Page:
Independent monitoring of three of the four ultra-fast broadband providers has found they are not delivering the internet speeds they promise.
The largest provider, Chorus, comes out worst in the first report on ultra-fast broadband services by TrueNet which found less than half the tests of the 100 megabytes per second service achieved better than 90% of the advertised speed.
On average, tests of both the 100 megabyte and 30 megabyte services found Chorus came close to the advertised speeds just over 60% of the time.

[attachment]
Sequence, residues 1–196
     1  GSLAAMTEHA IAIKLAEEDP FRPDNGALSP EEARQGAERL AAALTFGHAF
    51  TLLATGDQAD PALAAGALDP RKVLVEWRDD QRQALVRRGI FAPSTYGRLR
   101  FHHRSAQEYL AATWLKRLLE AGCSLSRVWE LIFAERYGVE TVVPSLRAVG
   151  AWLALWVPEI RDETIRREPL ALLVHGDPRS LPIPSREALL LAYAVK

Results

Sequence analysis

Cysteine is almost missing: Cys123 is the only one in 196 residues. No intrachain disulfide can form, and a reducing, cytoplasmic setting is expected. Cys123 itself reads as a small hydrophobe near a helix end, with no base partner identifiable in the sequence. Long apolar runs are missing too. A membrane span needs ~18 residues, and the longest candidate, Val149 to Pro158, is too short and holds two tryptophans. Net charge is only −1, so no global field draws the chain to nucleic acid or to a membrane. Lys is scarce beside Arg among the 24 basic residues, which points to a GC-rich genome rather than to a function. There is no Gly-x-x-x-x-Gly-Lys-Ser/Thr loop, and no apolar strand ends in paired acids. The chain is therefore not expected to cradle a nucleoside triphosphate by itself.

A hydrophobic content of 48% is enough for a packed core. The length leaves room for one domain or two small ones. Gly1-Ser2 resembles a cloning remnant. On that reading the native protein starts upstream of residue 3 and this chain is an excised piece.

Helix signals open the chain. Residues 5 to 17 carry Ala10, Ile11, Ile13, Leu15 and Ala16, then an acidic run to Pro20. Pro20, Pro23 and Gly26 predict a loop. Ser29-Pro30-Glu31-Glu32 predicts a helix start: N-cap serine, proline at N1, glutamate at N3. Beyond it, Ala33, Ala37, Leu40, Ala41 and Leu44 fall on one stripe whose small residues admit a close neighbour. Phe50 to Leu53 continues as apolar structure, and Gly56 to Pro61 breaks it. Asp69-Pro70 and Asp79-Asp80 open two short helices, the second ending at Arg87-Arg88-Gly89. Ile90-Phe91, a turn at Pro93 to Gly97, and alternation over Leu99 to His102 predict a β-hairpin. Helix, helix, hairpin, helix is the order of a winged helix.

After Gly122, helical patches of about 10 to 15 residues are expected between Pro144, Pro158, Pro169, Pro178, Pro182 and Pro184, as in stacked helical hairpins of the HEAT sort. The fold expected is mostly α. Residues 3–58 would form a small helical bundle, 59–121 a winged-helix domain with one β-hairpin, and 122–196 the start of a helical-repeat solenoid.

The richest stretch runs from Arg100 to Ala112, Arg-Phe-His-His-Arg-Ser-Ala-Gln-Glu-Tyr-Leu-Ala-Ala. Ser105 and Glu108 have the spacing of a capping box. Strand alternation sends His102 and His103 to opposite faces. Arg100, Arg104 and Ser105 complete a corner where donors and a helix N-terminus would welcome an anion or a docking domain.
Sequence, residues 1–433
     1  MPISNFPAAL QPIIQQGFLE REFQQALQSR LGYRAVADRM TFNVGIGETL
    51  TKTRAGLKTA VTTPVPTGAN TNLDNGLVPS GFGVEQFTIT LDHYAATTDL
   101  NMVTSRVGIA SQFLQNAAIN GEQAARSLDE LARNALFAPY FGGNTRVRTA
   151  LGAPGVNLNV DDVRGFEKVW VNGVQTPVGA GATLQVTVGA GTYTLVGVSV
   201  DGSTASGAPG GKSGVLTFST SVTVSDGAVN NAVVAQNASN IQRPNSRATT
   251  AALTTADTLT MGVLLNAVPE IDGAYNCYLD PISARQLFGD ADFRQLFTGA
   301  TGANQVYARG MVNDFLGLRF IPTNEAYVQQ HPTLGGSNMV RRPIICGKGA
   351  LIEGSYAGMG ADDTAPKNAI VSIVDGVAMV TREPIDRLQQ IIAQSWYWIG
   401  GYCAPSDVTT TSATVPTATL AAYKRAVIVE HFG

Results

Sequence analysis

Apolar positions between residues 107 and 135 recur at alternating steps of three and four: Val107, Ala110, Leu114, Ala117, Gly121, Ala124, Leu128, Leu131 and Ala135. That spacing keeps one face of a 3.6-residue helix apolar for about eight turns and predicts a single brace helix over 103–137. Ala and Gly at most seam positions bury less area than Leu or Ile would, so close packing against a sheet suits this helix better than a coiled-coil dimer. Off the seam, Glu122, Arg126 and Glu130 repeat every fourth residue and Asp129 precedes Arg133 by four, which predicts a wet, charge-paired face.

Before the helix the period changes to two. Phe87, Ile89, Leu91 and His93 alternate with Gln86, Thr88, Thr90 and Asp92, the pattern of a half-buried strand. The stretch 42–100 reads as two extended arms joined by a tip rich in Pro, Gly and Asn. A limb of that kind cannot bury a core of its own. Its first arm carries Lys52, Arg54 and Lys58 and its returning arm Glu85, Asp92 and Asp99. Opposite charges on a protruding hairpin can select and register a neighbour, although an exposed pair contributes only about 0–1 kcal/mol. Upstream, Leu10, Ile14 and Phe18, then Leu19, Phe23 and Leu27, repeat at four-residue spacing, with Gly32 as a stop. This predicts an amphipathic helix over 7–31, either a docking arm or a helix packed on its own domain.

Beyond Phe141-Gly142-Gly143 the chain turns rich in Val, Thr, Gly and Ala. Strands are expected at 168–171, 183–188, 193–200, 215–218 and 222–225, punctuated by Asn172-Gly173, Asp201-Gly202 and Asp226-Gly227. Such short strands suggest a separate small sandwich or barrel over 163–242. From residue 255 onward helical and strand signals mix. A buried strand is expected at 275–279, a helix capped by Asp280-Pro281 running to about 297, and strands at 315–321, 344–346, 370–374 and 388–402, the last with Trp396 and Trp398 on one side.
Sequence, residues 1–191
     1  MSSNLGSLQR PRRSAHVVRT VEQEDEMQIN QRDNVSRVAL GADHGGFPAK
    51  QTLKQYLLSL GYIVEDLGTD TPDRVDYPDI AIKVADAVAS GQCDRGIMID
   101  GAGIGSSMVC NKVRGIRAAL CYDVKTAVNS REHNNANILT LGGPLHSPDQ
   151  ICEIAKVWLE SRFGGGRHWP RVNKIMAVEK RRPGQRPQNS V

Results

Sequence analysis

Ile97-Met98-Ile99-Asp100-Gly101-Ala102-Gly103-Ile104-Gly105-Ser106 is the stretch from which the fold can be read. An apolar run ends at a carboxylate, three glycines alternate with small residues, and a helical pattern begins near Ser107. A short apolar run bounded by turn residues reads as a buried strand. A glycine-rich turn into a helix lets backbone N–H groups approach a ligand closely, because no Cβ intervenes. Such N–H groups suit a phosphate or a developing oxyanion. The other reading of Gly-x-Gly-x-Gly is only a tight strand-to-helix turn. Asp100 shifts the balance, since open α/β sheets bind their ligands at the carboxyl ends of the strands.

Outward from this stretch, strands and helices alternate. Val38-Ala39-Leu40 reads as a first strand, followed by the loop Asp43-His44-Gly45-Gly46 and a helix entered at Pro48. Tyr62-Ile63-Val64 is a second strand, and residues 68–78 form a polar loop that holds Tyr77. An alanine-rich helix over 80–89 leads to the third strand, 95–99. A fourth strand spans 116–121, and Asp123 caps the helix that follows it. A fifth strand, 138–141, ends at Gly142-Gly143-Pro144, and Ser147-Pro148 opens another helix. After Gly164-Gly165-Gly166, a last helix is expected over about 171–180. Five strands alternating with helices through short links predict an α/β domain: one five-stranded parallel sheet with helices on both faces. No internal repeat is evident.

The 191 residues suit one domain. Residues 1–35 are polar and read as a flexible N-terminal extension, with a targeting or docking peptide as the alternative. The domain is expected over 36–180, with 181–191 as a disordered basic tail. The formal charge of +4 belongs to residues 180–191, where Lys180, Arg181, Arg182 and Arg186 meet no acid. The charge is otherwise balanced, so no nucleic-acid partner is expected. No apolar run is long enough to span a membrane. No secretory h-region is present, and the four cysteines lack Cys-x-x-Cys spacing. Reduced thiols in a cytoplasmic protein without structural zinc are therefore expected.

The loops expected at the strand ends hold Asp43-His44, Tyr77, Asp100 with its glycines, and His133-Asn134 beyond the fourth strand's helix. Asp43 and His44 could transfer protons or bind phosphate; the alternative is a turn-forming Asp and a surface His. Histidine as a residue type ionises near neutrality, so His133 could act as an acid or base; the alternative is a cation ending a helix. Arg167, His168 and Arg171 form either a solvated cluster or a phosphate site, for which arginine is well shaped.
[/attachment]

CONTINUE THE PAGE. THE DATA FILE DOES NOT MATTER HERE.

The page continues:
Waikato-based Ultra Fast Fibre was the best performer, achieving the advertised speeds more than 80% of the time while the Christchurch-based Enable managed about the advertised speeds about 80% of the time.
TrueNet chief executive John Butt says the actual speed achievable for the 100 megabyte service is more like 94 megabytes and the 30 megabyte service is closer to 27.
The manager of market development at Chorus, Mike Lott, says his company will use the survey to try to resolve any problems between it and broadband retailers which may be slowing the services.